About Me

I was a portfolio manager at a multi-billion dollar investment fund for about 17 years and have been a security analyst for 25+. I was also an adjunct professor teaching Securities Analysis at a prominent business school for about 12 years. I like researching stocks and investing. I am a fundamental, buy-and-hold investor. 

Mission Statement

I intend to cover the following topics on this blog (for now):

  1. ROIC Practice Over Theory – I am particularly interested in return on invested capital. When I was teaching this topic got a single lecture, yet students had endless questions about the details of applying ROIC analysis, and justifiably so: ROIC sits at the intersection of finance, economics and accounting, and thinking about it in a useful way requires a good amount of practical knowledge and judgment about all of these topics, not to mention an understanding of the company and industry involved.  In my opinion it is the essence of any fundamental investment decision.  

    I would like this blog to be a useful source of information on applying ROIC to specific companies on a real-time basis, instead of purely from an academic standpoint. 

    I will often write posts solely about a company’s ROIC and usually leave the “deep dive” aspects of the company to others. Though I will also occasionally incorporate my ROIC thinking into stock pitches (see below).  

    Above all else, I want this blog to be a place where I can share my thoughts but also learn from others. If Margin of Maybe becomes a way to crowdsource insight on capital productivity for companies I am interested in or own in any small way, that wouldn’t suck.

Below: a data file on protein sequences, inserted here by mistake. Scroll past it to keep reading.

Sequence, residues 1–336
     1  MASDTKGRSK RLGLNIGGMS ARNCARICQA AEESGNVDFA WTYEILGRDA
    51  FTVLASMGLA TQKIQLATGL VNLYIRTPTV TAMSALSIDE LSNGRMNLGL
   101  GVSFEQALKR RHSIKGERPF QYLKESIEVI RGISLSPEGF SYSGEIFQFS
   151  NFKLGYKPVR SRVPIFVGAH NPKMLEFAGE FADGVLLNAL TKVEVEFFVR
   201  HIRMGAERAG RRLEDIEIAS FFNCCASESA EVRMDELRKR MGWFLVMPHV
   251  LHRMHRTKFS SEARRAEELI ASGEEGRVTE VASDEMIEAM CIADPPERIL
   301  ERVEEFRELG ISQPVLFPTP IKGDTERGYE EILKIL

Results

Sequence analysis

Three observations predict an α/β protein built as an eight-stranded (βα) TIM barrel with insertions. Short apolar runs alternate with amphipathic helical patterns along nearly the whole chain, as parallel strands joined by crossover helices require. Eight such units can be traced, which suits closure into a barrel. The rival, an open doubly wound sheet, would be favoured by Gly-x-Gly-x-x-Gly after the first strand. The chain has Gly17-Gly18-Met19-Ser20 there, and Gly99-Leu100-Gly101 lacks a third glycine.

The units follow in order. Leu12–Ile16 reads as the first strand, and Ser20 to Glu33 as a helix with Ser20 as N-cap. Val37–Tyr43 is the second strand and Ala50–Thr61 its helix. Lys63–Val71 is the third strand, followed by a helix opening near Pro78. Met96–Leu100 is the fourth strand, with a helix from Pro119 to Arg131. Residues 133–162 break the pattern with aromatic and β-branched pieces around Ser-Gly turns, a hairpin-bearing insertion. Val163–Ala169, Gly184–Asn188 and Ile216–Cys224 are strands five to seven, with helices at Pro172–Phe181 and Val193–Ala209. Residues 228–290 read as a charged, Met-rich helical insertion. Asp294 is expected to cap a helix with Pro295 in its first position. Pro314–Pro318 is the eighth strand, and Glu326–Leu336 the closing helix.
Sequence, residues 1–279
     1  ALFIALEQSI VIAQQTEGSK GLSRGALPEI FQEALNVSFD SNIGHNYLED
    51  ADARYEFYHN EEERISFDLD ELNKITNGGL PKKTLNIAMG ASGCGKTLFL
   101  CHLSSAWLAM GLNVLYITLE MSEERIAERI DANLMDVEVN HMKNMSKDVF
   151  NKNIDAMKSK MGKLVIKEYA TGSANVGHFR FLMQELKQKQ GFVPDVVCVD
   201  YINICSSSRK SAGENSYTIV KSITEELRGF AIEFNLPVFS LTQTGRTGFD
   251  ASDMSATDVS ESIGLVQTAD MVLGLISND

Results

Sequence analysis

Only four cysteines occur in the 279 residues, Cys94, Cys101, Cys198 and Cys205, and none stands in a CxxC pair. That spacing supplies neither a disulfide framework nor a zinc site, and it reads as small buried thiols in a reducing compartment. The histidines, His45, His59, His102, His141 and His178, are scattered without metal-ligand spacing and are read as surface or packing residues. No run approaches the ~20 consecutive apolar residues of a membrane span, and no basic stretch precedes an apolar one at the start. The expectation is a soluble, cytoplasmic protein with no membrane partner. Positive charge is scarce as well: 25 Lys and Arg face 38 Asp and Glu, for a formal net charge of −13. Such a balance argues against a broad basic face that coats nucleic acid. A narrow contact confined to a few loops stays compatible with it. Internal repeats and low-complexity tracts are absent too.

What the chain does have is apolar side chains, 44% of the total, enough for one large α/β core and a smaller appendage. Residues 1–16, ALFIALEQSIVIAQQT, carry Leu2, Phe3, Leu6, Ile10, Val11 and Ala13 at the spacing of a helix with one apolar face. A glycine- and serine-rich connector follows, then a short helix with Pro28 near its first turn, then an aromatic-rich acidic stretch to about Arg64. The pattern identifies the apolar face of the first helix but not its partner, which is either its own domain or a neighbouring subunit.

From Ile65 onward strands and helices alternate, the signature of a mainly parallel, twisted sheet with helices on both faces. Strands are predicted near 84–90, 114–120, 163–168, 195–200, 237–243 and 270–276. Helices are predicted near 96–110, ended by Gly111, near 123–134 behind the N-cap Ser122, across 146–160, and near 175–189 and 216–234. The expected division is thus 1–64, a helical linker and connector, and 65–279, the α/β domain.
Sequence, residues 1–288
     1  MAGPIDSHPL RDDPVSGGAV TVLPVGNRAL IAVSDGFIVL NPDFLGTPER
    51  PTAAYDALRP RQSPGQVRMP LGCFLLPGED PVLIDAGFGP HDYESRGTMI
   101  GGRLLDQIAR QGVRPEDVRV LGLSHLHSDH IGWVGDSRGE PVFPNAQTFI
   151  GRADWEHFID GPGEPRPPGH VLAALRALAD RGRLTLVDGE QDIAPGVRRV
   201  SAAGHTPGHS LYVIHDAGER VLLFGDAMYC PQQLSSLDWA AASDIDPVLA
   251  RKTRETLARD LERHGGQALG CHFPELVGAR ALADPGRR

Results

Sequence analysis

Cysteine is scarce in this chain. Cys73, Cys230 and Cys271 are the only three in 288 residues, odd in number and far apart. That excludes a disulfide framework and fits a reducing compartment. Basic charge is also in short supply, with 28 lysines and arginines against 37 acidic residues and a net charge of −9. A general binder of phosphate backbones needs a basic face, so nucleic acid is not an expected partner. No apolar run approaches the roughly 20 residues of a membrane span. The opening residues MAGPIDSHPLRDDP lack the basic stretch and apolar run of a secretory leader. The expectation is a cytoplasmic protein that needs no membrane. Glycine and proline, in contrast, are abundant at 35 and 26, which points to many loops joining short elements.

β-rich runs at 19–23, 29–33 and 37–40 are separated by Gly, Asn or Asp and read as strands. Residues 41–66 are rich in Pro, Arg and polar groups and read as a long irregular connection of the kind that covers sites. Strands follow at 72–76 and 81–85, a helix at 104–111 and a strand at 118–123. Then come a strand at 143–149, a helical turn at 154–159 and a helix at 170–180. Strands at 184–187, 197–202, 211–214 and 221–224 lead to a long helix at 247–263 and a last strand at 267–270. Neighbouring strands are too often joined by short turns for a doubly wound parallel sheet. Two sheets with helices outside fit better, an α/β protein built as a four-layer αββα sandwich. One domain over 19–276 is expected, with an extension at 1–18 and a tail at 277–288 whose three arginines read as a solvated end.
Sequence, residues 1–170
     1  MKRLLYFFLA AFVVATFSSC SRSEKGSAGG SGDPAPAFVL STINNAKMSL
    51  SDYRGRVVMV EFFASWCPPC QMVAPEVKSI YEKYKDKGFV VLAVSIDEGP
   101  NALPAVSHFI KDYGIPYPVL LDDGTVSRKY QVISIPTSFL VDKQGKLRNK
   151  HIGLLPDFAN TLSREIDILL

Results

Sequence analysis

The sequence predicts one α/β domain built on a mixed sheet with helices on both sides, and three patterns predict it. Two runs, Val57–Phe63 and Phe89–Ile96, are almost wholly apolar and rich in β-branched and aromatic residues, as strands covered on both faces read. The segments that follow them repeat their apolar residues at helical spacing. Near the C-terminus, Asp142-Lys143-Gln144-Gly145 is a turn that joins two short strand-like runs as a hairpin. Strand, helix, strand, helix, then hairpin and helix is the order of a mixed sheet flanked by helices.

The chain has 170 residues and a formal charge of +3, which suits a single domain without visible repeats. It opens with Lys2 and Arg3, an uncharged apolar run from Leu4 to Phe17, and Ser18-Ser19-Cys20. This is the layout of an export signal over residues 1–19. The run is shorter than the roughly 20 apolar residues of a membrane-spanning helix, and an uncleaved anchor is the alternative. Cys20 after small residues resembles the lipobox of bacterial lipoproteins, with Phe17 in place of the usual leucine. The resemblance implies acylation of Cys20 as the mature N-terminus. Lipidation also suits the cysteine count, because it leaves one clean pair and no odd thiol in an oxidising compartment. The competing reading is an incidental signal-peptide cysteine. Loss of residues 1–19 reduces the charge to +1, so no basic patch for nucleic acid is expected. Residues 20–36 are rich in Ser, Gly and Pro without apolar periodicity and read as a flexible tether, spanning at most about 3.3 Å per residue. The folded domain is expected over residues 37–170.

1. How Does The Business Make Money? – Speaking of “Deep Dives,”  much of what is billed as a deep dive on the Internet is shockingly bad and nothing more than a slightly modified version of cut and paste. Specifically, I have been consistently astounded by how many students and investment analysts fail to answer the How Does The Business Make Money question when pitching investment ideas, or at least fail to explain how the business makes money in a readable, commonsensical, and concise way. Yet this is a critical aspect of any stock pitch and of course ties directly into any decent ROIC and any valuation exercise.  I will write blog posts devoted solely to this question for individual stocks and try to do a good job at it. Just…because.
  1. Stock Pitches – I will sometimes post full stock pitches (warning: I subscribe to the Amazon 6 Page Memo Rule for stock write ups) with the goal of getting feedback and hopefully learning more about the company I’m working on from others out there.

Please send me your comments and stock pitches if you think they tie into this blog (e.g., there is a misunderstood and juicy ROIC thesis involved for company X, or I made a big mistake on company Y). I am happy to post or respond to anything that is additive in some way.



Youtube Channel: